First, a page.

Water's Edge: With Brush, Flock and Tweezers!

I'm delighted to be able to give you an update on one of my new(ish!) modular terrain boards!  If you haven't seen the journey so far, you can catch up with part one here where you can learn how all this happened, and the second part is here.  To give credit where it's due, my approach to the water section of this board comes from the excellent tutorial from marklinofsweden which you can see here.
As you can see in my pictures, I've upgraded my toolkit with the addition of a Spongebob Squarepants table cloth!  Yes, it's away with the old cut up black bin liners, and a big hello to a plastic tablecloth that my better half came across and suggested I use.  And as always, her idea was brilliant.  not only does it do the job so much better than the bin bags of yore, it actually puts a smile on my face every time I use it!
So what are we looking at, exactly?  Well apart from Spongebob, Sandy and Patrick, this is my two-foot square modular terrain board which is now well and truly dry.  After all the making, the time had come to add the decoration!  You'll notice I've got it sat on two shoe boxes.  Not only does this elevate it to a more workable height when standing up, it makes my painting and flocking a lot easier.
I decided to begin by painting the ground section with my brown emulsion.  This comes from a tester pot I purchased at B&Q.  It's called Aged Cognac.  I thought it looked a good mud colour.
It's important to make sure that every nook and cranny is covered.
This is best achieved by looking at it from every angle.  I then painted the edges of the board with a black emulsion.  This was also from a tester pot I purchased at B&Q.  And it doesn't have a daft name like the last one I mentioned.  You could go mad looking through all the shades they offer to find a black, but there isn't one.  if you want a black emulsion, just ask them at the mixing station.  Black is a colour they can do without the need for one of those card squares bearing stupid names!
And then, once the emulsion had been given the necessary four hours to dry, I plucked up the courage to paint the water section.  I followed marklinofsweden's instructions and used four colours of acrylic that I had in the house that were closest to the shades he named: white, cinnamon brown, black and thicket. I squeezed out dollops of the colour onto my palette and applied them without any water to my board.  Nervous that they might dry out, I only paused briefly to take the following photograph of this stage.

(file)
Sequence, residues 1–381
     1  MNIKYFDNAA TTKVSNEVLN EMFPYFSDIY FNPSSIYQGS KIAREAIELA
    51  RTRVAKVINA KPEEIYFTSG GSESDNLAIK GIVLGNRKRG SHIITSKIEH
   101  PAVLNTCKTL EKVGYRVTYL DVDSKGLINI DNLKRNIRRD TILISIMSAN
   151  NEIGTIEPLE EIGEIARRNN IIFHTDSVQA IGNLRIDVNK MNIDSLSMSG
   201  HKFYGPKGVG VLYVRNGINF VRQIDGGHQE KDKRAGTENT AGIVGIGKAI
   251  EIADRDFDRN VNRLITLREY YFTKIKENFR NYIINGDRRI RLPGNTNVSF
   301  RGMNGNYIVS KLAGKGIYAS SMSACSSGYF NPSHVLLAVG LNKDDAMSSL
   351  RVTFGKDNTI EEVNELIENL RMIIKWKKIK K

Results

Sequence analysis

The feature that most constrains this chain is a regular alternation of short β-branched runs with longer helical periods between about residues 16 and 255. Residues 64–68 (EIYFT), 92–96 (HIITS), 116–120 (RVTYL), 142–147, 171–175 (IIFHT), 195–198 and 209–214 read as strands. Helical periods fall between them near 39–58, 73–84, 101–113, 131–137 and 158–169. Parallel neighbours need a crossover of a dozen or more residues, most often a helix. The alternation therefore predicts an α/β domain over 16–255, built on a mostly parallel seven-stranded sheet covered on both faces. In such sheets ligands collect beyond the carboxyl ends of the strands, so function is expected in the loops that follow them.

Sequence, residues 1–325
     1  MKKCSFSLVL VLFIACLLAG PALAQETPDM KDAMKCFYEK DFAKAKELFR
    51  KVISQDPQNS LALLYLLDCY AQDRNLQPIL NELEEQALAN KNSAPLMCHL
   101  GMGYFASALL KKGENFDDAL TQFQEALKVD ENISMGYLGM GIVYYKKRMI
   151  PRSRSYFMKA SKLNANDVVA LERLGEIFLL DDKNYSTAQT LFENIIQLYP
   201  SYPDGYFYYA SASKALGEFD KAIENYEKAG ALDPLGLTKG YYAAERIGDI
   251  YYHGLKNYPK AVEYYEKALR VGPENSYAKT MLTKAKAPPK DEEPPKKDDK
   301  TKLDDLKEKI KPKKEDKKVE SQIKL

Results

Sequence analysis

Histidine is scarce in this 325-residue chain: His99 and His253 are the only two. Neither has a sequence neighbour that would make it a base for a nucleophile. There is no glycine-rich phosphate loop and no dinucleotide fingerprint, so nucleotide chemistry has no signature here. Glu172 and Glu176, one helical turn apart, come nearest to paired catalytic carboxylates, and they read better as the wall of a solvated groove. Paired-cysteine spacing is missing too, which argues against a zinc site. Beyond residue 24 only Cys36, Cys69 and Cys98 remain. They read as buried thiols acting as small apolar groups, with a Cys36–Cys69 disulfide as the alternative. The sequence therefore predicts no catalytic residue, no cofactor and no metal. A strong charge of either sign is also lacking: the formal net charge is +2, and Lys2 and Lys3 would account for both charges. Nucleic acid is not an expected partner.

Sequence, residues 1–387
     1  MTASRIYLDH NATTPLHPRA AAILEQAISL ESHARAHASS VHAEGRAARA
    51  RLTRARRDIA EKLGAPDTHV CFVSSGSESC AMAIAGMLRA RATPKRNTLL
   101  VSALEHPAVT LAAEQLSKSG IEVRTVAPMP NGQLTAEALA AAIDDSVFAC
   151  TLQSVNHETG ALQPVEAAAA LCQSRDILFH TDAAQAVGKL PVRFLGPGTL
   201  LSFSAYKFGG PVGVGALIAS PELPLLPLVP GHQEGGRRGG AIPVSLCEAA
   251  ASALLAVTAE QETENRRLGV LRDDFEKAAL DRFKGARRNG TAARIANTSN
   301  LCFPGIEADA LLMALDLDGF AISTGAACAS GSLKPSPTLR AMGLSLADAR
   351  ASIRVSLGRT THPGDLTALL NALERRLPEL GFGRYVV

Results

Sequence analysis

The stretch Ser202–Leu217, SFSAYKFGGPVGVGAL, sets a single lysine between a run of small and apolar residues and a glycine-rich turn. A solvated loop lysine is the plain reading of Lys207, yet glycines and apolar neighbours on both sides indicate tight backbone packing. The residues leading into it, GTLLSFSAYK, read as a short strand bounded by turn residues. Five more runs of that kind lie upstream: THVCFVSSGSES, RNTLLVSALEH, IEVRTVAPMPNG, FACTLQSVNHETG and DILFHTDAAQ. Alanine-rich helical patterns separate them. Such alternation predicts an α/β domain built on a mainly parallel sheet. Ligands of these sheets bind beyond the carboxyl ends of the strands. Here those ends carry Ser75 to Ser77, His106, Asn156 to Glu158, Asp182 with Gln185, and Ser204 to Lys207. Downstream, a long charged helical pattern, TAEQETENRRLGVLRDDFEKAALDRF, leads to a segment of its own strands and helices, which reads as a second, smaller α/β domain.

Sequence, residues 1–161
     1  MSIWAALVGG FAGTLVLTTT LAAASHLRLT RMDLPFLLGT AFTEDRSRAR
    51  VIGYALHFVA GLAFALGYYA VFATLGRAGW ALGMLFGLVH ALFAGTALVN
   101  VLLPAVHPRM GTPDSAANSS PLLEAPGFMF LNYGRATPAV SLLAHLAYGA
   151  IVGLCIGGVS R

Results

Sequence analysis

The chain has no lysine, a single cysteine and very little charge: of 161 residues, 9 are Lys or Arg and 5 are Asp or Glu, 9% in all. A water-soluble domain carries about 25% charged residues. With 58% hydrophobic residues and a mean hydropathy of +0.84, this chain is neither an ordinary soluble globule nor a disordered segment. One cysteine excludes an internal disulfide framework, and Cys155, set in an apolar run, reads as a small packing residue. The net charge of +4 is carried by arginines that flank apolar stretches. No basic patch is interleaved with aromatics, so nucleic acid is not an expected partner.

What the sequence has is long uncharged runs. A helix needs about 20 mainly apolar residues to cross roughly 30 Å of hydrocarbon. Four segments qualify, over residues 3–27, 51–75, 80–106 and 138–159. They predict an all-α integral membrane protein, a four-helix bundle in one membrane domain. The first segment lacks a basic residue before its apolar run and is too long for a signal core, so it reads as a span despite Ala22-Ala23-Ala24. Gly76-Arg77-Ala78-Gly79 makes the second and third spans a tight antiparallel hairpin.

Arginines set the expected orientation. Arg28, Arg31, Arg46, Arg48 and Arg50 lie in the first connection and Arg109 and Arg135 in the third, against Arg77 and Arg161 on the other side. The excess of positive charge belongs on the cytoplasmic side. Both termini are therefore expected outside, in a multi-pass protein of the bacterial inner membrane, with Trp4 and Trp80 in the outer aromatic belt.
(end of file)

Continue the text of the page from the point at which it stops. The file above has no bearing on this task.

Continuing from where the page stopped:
I then took a clean brush and a pot of clean water and applied the resultant wet brush to the paint, making sure that I created smooth blends between each shade.  My fears of failure were soon washed away as I began to enjoy seeing the magic blending take place before my very eyes! Here are some photos of the finished blending.

The paints are all matt, they just look gloss because they are so wet!
And as is so often the case with this build, I had to leave the board overnight to dry out.
Fast-forward to the next available day, and I began to add my flock.  Why did I choose to do this net?  Let me explain!
This is definitely a board of two halves.  Or a quarter and three-quarters if you want to be a bit more accurate!  Each part has a very distinct approach.  One part needs to be shiny.  The other needs to be matt.  The land will have layers of flock applied in sequence, working, quite literally, from the ground up.  Once that's all done, I'll apply a coat of Woodland Scenic's Scenic Cement.  This is a wonderful project that you spray in a mist over the completed terrain.  It soaks into the various flocks and foliage and through them into the baseboard itself.  It makes everything stay in place.  And best of all, it dries with a matt finish.

That, of course, is no good if you've just spent a few days applying varnish to the water.  So, as much as I am keen to work on the water effect, I need to do the flocking first.
It's best to cover a large area by breaking it down into smaller sections.  If you don't do this, the glue you are using will lose its tackiness before you cover the whole area.  I'm using some half decent PVA glue from Poundland.  I know it sounds rubbish compared to the fancy brands such as Evo-Stik which you can get from the likes of B&Q, but this one works fine on my bases and buildings, so I'm quite literally sticking with it on this build.